Since their Stanley Cup run in the 2010-11 season, at age 30, the Sedins’ raw points numbers have been in decline. Since that season, Henrik’s numbers have dropped to around high second-line average and Daniel’s to a low first line calibre, compared to the point-per-game levels that were seen earlier in their careers. This is especially true of Henrik, who hasn’t been able to break the 55 point threshold for the past two seasons.
However, this does not mean they can’t contribute to the team. They have effectively been doing so since the mid-2000’s, but their production has noticeably decreased, as can perhaps be expected with age.
Additionally, their power play numbers have also taken a hit. Henrik only tallied 15 points on the power play (compared to his career average of 22.5) and Daniel recorded 14 points on the man advantage compared to his career average of 22. To compare, last year’s leader in power play points was Nicklas Backstrom of the Washington Capitals with 35 points, and both Sedins have put up a larger or equal total than 35 at one point in their careers.
Corsi for percentage is a statistic which takes into account shots (both on goal and missed, as well as blocked shots) for the team in question both for and against when a specific player is on the ice. Therefore, this can be a solid indicator of puck control, chance creation, and team performance when the player in question is on the ice.
The brothers’ Corsi numbers suggest they have still been able to drive play and create chances for their line-mates. Daniel ranks in at a Corsi for percentage at even strength of 59 percent and Henrik at 59.9 percent, third and second on the Canucks respectively.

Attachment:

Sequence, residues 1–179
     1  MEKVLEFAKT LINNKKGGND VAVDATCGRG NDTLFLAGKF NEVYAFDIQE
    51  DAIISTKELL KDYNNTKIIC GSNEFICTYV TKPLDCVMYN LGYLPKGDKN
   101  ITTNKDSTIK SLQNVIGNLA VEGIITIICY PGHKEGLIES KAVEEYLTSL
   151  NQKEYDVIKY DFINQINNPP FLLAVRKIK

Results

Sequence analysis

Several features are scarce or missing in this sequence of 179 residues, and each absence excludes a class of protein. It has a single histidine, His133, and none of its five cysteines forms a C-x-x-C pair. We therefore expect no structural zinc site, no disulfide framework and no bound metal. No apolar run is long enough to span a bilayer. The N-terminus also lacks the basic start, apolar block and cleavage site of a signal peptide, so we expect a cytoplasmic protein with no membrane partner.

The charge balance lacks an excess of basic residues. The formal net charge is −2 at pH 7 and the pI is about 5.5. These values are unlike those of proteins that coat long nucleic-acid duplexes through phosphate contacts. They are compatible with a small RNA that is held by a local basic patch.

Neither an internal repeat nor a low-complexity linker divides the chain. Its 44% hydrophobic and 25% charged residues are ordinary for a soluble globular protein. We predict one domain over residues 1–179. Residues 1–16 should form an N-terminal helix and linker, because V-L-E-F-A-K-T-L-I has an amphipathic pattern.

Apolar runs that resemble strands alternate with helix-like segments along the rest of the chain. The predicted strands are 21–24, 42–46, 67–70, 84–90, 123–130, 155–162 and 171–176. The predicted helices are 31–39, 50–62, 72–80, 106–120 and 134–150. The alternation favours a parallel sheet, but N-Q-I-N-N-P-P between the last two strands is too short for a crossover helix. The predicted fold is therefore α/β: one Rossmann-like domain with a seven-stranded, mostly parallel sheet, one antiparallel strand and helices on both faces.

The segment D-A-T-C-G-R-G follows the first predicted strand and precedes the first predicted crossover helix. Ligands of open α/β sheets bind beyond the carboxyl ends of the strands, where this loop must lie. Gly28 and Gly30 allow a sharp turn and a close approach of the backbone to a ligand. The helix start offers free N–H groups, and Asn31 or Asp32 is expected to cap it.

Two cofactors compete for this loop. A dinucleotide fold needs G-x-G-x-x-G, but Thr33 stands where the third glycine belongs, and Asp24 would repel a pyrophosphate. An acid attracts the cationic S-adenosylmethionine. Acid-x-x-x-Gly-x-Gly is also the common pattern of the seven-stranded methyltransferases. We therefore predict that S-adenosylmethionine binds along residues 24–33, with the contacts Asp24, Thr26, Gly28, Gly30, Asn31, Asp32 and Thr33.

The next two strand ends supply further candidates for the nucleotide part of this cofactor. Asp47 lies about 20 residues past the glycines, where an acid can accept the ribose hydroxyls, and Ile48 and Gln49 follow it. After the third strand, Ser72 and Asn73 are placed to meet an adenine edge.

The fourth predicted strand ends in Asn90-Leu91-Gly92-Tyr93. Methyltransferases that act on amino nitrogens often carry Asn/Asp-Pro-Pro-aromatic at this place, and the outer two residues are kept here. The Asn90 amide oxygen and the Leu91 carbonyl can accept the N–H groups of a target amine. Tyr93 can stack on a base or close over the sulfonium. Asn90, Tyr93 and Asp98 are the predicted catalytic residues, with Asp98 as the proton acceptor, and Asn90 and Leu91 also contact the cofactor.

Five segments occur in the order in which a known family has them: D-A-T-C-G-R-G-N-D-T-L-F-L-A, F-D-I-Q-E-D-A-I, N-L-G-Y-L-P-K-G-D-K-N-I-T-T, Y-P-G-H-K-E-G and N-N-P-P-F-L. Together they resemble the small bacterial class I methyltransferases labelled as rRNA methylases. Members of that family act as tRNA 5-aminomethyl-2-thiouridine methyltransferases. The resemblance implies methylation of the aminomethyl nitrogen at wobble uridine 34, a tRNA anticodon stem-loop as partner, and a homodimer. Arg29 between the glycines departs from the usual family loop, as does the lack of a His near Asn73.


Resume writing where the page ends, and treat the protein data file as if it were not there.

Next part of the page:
However, the player in first, Alex Biega, has only appeared in one game, so it is safe to say that the Sedins lead the Canucks in even strength Corsi percentage. To put these numbers into perspective, last year’s Corsi percentage leader in the NHL was Patrice Bergeron of the Boston Bruins, with 61.8 percent, and Bergeron has always been considered to be an excellent driver of play.
Though it has only been eight games into the Canucks season, the Sedin brothers look to be headed in a positive direction, except they have struggled offensively despite this. The two have some of the worst shooting percentages on the team (Daniel with a 7 percent and Henrik with 6.5 percent) and thus their PDO (shooting percentage plus save percentage) is also low.
Reports and analysis of the brothers’ play this season and last have criticized them for a lack of speed and strength, inferring that they are not able to get to the puck as they could in the past and have taken shots mostly from the outside as a result. This is most likely due to the natural aging curve taking its toll on their play, as they are now both aged 37 and far past their prime.
As a result, perhaps a trade involving the Sedins is unlikely. Though there was a campaign from fans of the Canucks last year to trade the brothers. Further counter to trade possibilities is the fact both Daniel and Henrik have stated that they would not accept a trade unless they were both part of it. Additionally, both Sedins carry a cap hit of $7,000,000, and unless the Canucks would be willing to take on some of their salary, most teams in the NHL would be either unwilling or unable to take on $14,000,000 in cap space for two aging, underachieving forwards.
The Canucks’ best bet would be to hope the Sedins can still provide some semblance of value, and hopefully act as tutors for their young talent.
Image courtesy of Matt Boulton